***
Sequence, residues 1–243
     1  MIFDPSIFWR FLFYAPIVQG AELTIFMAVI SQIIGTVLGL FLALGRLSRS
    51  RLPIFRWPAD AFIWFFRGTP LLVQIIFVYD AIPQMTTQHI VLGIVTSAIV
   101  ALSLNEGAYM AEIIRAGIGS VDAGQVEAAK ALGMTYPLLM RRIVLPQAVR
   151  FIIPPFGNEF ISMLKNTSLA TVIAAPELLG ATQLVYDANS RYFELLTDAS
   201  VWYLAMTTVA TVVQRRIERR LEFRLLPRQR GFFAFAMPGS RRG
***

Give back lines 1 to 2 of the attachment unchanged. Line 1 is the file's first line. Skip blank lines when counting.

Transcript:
Sequence, residues 1–243
     1  MIFDPSIFWR FLFYAPIVQG AELTIFMAVI SQIIGTVLGL FLALGRLSRS